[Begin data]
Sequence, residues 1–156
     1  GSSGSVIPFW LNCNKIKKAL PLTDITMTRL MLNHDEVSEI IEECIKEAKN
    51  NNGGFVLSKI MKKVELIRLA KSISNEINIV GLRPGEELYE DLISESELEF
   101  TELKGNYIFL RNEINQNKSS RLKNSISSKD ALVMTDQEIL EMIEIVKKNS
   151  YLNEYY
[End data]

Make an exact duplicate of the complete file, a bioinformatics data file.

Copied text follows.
Sequence, residues 1–156
     1  GSSGSVIPFW LNCNKIKKAL PLTDITMTRL MLNHDEVSEI IEECIKEAKN
    51  NNGGFVLSKI MKKVELIRLA KSISNEINIV GLRPGEELYE DLISESELEF
   101  TELKGNYIFL RNEINQNKSS RLKNSISSKD ALVMTDQEIL EMIEIVKKNS
   151  YLNEYY